Interactive Features

Revision as of 17:21, 23 May 2018 by Adminko (talk | contribs) (Forms)
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This article describes the API related to the PDF features that allow a user to interact with a document when viewing it using the mouse and keyboard e.g. links, annotations, actions, events, various form controls etc.

Viewer preferences

The preferrred viewing parameters can be set using the document-level API described in details here.

Document-level navigation

The PDF standard describes several approaches for implementing a document-level navigation. For these purposes a few PDF objects were defined, namely Destinations and Document Outlines (sometimes referred as “Bookmarks”).


A destination defines a particular view of a document, consisting of the following items:

  • The page of the document that shall be displayed
  • The location of the document window on that page
  • The magnification factor (zoom)

Destinations may be associated with outline items (see the section 12.3.3 “Document Outline” of the specification), annotations or actions. In each case, the destination specifies the view of the document that shall be presented when the outline item or annotation is being opened or the action is being performed. A destination may be specified either explicitly, by creating an instance of the Destination class and defining its properties or indirectly, using its name.

Explicit destinations

Explicit destinations in PDF documents, as the name suggests, are defined in place, explicitly, with all the parameters needed for the navigation provided at the moment of creation.

Named destinations

Named destinations are in fact references to the destination objects present in the document's internal registry and describing the actual navigation. These destination objects should be registered in the PDF document with names, and in case of Fixed layout API, it's the FixedDocument.Destinations collection they should be added into to become usable.

The code below demonstrates how to add two link annotations onto the page of the PDF document and set their targets using explicit and named Destination objects.

// create output PDF file
using (FileStream outputStream = new FileStream("navigation.pdf", FileMode.Create, FileAccess.Write))
    // create new PDF document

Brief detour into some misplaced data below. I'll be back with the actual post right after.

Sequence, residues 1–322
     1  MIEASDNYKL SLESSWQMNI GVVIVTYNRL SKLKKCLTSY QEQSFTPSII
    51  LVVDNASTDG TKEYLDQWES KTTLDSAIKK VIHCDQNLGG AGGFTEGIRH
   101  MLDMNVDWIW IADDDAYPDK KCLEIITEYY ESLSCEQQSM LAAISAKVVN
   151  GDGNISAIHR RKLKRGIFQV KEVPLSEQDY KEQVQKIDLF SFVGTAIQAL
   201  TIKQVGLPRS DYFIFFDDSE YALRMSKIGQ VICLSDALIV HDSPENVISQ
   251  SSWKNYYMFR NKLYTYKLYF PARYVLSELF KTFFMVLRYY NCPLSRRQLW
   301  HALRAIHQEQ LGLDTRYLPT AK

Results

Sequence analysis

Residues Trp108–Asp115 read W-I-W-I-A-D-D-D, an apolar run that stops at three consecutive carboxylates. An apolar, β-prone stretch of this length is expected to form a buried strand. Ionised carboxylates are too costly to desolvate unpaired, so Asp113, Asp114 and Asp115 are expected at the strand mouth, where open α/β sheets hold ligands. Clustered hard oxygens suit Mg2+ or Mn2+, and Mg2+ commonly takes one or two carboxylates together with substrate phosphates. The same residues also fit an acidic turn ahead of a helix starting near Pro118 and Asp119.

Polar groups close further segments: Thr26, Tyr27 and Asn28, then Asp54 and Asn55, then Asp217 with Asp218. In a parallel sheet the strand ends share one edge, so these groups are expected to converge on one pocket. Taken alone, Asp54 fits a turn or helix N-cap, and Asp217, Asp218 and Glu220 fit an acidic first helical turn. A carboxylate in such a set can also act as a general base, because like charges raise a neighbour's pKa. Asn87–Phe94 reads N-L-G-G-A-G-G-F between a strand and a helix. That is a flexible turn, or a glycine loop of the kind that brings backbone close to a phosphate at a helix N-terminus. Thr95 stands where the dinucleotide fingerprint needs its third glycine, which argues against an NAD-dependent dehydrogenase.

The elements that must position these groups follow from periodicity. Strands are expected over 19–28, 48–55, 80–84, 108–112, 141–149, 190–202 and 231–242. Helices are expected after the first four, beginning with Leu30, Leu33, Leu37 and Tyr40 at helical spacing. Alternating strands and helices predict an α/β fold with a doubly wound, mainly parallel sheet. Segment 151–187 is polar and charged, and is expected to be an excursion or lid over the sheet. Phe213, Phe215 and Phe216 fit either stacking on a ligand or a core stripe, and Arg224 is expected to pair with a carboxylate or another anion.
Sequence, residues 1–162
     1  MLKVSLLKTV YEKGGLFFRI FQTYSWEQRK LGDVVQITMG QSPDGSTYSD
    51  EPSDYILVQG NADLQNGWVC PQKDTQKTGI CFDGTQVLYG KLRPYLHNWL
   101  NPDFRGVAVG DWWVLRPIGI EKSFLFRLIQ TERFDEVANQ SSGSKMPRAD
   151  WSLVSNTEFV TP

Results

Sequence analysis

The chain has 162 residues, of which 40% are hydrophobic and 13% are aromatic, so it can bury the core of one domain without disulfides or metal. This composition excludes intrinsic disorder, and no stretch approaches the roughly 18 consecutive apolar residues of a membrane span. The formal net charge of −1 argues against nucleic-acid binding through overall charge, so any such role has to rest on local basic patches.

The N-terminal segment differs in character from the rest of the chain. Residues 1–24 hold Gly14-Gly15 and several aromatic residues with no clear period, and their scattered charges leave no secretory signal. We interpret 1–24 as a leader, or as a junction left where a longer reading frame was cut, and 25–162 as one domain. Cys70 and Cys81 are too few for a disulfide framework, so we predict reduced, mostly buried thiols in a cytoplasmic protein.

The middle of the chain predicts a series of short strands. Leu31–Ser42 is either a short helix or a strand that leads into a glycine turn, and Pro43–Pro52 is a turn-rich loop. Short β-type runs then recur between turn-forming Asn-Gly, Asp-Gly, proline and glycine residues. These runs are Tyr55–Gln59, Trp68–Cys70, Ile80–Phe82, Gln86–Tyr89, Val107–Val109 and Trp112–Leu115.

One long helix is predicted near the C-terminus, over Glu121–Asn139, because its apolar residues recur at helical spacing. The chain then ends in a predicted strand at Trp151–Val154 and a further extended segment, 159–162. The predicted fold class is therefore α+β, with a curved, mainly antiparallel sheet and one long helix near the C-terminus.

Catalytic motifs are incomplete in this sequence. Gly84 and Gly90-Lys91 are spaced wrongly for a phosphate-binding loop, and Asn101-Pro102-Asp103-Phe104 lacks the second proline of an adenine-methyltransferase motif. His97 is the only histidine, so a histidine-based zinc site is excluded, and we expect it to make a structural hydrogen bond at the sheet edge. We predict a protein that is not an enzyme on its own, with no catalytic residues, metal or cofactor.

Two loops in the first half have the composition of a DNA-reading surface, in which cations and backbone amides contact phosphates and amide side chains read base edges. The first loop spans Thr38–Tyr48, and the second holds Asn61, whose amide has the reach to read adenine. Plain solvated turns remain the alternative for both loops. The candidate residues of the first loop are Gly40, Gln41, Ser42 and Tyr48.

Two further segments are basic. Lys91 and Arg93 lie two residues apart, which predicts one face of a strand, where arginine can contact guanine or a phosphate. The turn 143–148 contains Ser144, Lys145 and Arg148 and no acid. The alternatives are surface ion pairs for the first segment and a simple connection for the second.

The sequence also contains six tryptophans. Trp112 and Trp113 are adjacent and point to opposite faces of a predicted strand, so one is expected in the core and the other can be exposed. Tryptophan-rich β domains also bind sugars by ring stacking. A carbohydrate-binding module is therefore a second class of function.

FixedDocument document = new FixedDocument();
    document.Pages.Add(new Page());
    // second page we are going to add a link to
    Page page2 = new Page();
    // create and register the named destination object
    document.Destinations.Add("myDestination",new Destination(page2, new DestinationTypeFit()));
    // add and place text object containing the text for our links
    TextObject textObject = new TextObject(StandardFonts.Helvetica, 14);
    textObject.AppendText("Navigate to page 2 using explicit destination");
    textObject.AppendText("Navigate to page 2 using named destination");
    // create link annotation using explicit destination
    LinkAnnotation linkAnnotation1 = new LinkAnnotation(new Boundary(10, 810, 300, 830));
    linkAnnotation1.BorderStyle = new AnnotationBorderStyle(1);
    linkAnnotation1.Color = new double[] { 0, 0, 0.9 };
    linkAnnotation1.Destination = new Destination(page2, new DestinationTypeFit());
    // create link annotation using named destination
    LinkAnnotation linkAnnotation2 = new LinkAnnotation(new Boundary(10, 780, 300, 800));
    linkAnnotation2.BorderStyle = new AnnotationBorderStyle(1);
    linkAnnotation2.Color = new double[] { 0, 0, 0.9 };
    linkAnnotation2.Destination = new Destination("myDestination");
    // add annotations to the PDF page

Usage of explicit destinations is pretty straightforward, while named destinations require registration in their parent document. Using named destination it becomes possible to separate references generation from actual content generation. You may generate a list of links using destinations names first and later register these destination objects pointing to the correct locations.